The ends: not yet time for a victory lap

Will people think the result is worth these sacrifices? Detroit’s restructuring helped make Governor Snyder one of Governing Magazine’s public officials of the year. But what lies ahead is hard to say.

In the corporate context, at least, faster restructuring is associated with a greater likelihood of a return to financial distress. A financial expert appointed by the bankruptcy court, Martha Kopacz, found Detroit’s plan feasible, albeit barely so. She suggested that the speed of the case may have undercut feasibility to some extent.

The negotiated cuts are certainly more modest than the emergency manager’s original proposal circulated before the bankruptcy. Are the savings enough to give the city a fighting chance? Richard Ravitch, a New York politician and businessman tapped first to serve as a behind-the-scenes consultant to the bankruptcy court and then to be a senior advisor to the panel that will oversee Detroit’s fiscal decisions, says that its difficulties are much, much worse than New York City’s in the 1970s. Detroit Mayor Mike Duggan’s task, says Ravitch, is Sisyphean, like rolling a rock up a hill just to have it roll down again.

Emergence from bankruptcy is a breakthrough but just the beginning of a journey to try to conquer problems decades in the making. In addition, the emergency manager and his team put the restructuring plan in place, but elected officials will have to implement it, subject to some oversight by a new financial review commission. Although those officials told the court during the confirmation process that they support the plan, it took barely a business day for fractures to emerge publicly.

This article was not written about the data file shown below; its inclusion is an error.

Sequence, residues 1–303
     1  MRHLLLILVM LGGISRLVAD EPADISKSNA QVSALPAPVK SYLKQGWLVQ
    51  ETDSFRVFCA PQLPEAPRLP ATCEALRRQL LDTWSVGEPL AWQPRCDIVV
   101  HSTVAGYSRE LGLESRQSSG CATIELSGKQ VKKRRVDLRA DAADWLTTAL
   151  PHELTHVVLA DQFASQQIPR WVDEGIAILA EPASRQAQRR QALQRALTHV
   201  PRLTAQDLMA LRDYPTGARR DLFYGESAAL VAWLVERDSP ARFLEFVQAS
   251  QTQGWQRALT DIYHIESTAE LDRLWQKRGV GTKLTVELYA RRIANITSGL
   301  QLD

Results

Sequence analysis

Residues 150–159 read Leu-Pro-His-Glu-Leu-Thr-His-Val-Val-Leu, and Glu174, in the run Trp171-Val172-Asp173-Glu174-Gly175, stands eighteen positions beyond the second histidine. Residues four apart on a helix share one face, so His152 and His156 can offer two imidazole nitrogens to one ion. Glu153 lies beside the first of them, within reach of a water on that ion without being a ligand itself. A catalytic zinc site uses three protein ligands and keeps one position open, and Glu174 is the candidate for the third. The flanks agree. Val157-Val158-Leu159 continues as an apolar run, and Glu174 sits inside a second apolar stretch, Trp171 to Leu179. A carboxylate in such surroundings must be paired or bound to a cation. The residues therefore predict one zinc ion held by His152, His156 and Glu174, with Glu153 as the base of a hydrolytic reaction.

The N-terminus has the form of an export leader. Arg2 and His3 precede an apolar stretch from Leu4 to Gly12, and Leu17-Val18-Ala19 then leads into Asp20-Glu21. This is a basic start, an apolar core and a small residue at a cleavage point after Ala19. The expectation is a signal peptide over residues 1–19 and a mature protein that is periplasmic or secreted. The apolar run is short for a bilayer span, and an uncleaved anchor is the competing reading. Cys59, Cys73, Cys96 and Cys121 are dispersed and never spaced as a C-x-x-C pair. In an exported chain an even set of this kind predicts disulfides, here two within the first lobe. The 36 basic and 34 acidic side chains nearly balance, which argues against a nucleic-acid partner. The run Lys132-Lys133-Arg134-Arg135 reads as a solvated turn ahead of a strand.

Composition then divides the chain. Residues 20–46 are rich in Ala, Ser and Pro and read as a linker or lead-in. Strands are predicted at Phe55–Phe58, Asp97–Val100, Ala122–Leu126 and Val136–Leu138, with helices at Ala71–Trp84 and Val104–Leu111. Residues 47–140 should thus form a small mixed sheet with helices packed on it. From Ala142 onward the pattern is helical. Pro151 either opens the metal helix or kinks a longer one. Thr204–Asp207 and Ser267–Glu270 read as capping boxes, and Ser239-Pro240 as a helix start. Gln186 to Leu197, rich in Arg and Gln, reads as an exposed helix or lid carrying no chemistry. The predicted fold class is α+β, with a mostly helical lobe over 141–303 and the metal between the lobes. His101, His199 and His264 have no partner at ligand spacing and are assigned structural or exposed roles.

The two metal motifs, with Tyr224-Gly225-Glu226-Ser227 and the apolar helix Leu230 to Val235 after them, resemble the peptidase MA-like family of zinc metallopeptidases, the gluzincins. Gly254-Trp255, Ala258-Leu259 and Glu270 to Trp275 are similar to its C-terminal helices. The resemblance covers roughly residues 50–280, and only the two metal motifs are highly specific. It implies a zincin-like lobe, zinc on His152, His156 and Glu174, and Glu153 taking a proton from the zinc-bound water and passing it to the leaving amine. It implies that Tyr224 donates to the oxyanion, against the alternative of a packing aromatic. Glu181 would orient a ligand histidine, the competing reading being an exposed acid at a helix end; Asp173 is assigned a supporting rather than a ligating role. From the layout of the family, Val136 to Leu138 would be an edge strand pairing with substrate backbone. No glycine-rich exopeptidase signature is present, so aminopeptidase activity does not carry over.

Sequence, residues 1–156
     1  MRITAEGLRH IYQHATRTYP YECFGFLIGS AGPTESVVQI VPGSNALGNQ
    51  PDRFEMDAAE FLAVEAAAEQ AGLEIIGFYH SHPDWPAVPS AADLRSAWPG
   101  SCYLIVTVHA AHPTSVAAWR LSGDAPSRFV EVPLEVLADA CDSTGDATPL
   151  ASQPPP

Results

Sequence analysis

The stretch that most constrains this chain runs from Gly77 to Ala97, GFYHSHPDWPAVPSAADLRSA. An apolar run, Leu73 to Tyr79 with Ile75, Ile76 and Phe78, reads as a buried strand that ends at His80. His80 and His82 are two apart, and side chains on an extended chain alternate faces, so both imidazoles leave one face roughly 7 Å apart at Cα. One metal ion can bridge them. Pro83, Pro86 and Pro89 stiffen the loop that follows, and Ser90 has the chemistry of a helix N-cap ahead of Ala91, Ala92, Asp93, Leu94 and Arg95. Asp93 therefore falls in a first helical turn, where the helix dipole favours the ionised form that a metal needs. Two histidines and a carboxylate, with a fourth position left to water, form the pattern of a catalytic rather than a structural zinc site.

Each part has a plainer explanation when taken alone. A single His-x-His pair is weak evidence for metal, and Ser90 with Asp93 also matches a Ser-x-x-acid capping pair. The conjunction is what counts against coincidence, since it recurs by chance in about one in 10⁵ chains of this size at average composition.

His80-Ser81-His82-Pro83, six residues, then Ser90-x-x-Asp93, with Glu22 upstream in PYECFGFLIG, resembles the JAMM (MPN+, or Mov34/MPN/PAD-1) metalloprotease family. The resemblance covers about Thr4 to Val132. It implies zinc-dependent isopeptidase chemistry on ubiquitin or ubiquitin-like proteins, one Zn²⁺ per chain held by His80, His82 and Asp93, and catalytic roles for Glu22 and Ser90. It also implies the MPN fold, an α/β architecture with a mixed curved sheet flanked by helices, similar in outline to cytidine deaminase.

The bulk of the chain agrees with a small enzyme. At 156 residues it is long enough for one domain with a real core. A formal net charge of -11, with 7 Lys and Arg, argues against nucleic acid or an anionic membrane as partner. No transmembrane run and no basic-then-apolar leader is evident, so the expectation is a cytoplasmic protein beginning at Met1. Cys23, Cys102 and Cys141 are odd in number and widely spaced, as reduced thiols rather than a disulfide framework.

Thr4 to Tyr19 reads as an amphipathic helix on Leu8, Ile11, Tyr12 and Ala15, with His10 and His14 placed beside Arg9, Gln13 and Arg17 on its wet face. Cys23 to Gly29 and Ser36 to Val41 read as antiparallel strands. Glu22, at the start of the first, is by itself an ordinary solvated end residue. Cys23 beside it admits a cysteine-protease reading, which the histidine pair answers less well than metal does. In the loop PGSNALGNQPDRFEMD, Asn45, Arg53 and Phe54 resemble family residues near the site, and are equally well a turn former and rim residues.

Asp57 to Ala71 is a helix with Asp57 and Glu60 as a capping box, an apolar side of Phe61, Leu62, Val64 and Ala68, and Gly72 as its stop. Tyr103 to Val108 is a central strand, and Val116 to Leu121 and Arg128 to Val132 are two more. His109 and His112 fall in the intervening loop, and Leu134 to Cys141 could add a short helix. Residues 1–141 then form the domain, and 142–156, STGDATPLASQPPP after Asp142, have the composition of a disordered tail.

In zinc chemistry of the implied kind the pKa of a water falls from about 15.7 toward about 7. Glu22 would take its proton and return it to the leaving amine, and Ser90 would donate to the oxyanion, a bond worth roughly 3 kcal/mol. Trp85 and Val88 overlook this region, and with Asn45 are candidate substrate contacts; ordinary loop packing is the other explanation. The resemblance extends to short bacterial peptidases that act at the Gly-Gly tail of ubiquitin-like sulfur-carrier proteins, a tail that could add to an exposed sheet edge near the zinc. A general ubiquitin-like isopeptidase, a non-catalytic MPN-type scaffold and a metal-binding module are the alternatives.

Mayor Duggan and Detroit’s Corporation Counsel have been arguing in court and the media that the city cannot afford the professional fees incurred during the bankruptcy if it is to improve services for residents. That argument generates more than a little awkwardness when, just days earlier, the bankruptcy court ruled the city’s plan was feasible.

As for creditor outcomes, no one was immune from sacrifice. Retirees are taking sizable hits, especially to health care. Financial creditors have accepted far less than the face amount of their debt. The creditors getting the lowest return – civil rights claimants, personal injury claimants, lessors and counterparties to contracts the city is breaking – didn’t settle, lacking an organized way to negotiate collectively with the city (an official committee that would have represented their interests was disbanded by the judge in early 2014). These claims are a small fraction of Detroit’s overall debt, but quite substantial from the perspective of the people seeking payment.

It may be years before we know whether Detroit has truly turned the corner. But we can say right now that the methods used to get this far, this fast, were costly in more than money.